Explains what hazardous waste means, and how to dispose it.

    Explore here
  • Classification of hazardous waste from UK government

    List of waste type and their classification as hazardous or not. Other UK guidelines also available on hazardous waste disposal.

    Explore here
  • Oxfam technical brief on Hazardous waste, 2008

    Short guideline to handle and store Hazardous waste. It covers hospital waste, industrial waste, chemical, asbestos, batteries, gas canisters.

    Explore here
  • MSF France exports its hazardous waste produced in Haiti operations to be treated in USA, 2014

    MSF France in Haiti exported between 2011 and 2013 10 tons of hazardous waste from the different MSF offices to be treated in USA, including 4.6 tons of batteries, 1.7 tons of oil, and 1.5 tons of out-of-date medicine for a total cost of 50 000 USD.

    Explore here

To go further

  • A critical review on sustainable hazardous waste management strategies, Environmental Science and Pollution Research International, 2023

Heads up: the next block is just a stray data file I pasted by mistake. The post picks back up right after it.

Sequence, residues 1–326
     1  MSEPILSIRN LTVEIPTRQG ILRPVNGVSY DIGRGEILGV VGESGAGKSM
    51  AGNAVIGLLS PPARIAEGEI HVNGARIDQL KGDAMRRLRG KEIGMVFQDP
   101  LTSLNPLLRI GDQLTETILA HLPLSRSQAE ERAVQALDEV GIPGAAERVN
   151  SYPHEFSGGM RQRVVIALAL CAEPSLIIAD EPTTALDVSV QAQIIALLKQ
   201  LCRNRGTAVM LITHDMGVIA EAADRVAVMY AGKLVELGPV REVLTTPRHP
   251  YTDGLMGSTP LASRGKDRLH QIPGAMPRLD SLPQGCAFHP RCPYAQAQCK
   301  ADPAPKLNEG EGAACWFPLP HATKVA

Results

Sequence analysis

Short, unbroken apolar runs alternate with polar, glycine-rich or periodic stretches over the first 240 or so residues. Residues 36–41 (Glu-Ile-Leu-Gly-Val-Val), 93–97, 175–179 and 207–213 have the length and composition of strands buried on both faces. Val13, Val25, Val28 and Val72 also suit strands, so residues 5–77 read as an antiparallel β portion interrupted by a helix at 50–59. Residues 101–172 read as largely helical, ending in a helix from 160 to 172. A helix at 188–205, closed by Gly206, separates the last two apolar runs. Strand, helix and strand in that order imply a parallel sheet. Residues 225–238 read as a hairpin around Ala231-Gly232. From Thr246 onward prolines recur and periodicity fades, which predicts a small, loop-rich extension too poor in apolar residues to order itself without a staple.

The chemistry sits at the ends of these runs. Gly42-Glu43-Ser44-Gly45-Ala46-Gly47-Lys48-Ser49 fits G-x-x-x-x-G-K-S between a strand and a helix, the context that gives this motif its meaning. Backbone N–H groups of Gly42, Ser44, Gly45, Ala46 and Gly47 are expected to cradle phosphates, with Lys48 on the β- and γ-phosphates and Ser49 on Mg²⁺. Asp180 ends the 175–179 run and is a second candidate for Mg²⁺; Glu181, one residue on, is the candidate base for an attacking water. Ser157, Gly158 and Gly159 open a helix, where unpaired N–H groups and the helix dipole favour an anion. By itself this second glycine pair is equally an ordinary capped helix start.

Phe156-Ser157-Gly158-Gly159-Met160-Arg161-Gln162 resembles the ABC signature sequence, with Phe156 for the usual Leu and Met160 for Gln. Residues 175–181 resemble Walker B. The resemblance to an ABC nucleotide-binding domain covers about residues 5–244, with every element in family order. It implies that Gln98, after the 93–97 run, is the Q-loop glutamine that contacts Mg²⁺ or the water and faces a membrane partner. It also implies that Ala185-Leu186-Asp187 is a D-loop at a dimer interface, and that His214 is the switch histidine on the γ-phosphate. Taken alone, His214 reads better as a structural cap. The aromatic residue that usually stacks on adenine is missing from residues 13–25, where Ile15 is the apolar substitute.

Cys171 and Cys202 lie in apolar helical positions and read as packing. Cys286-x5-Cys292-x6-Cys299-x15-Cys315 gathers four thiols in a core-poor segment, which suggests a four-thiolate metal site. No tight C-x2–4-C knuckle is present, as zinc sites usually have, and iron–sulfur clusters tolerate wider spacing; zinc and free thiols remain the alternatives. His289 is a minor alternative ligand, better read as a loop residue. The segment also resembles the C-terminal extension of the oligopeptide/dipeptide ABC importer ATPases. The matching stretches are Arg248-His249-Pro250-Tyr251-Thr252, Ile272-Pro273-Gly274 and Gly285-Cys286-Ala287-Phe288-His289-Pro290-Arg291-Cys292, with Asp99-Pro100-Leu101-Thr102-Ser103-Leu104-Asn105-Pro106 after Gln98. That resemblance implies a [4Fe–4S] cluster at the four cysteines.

A comprehensive review of hazardous waste production and how its management can fit in circular economy objectives like recycling or energy recovery.

    Explore here
  • An Assessment Report on Issues of Concern: Chemicals and Waste Issues Posing Risks to Human Health and the Environment, UNEP, 2019

    UNEP explores eight environmental issues linked to hazardous waste.

    Explore here


(1) GEMET Thesaurus, ‘hazardous waste’. in Available here [accessed 8 April 2024].

(2) Government Digital Service, ‘Hazardous waste’. in UK, 2012. Available here.

(3) Europe, WHORO for, ‘Waste and human health: evidence and needs: WHO meeting report 5–6 November 2015: Bonn, Germany’. in, 2015. Available here [accessed 8 April 2024].

(4) Hasan, MA, J Mallick, M Ahmed, & M Saleem, ‘Hazardous Wastes and its Impact on Human Health’. in IOP Conference Series: Materials Science and Engineering, 804, 2020, 012056. Available here.

(5) Kumar, A, AK Thakur, Gajendra Kumar Gaurav, Jiří Jaromír Klemeš, Vishal Kumar Sandhwar, KK Pant, et al., ‘A critical review on sustainable hazardous waste management strategies: a step towards a circular economy’. in Environmental Science and Pollution Research, 2023. Available here.

(6) The World Bank, ‘Global Waste to Grow by 70 Percent by 2050 Unless Urgent Action is Taken: World Bank Report’. in World Bank, 2018. Available here.

(7) Eurostat, ‘Waste statistics’. in, 2020. Available here.

Cover photo: John Cameron/Unsplash